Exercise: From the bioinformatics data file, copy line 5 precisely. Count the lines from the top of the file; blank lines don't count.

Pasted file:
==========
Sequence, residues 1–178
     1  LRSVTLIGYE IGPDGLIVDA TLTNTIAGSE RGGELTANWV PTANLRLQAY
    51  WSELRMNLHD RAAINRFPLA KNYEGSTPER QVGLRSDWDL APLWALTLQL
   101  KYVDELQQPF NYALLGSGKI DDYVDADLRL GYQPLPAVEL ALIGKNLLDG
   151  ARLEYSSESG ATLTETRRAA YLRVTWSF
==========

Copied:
   151  ARLEYSSESG ATLTETRRAA YLRVTWSF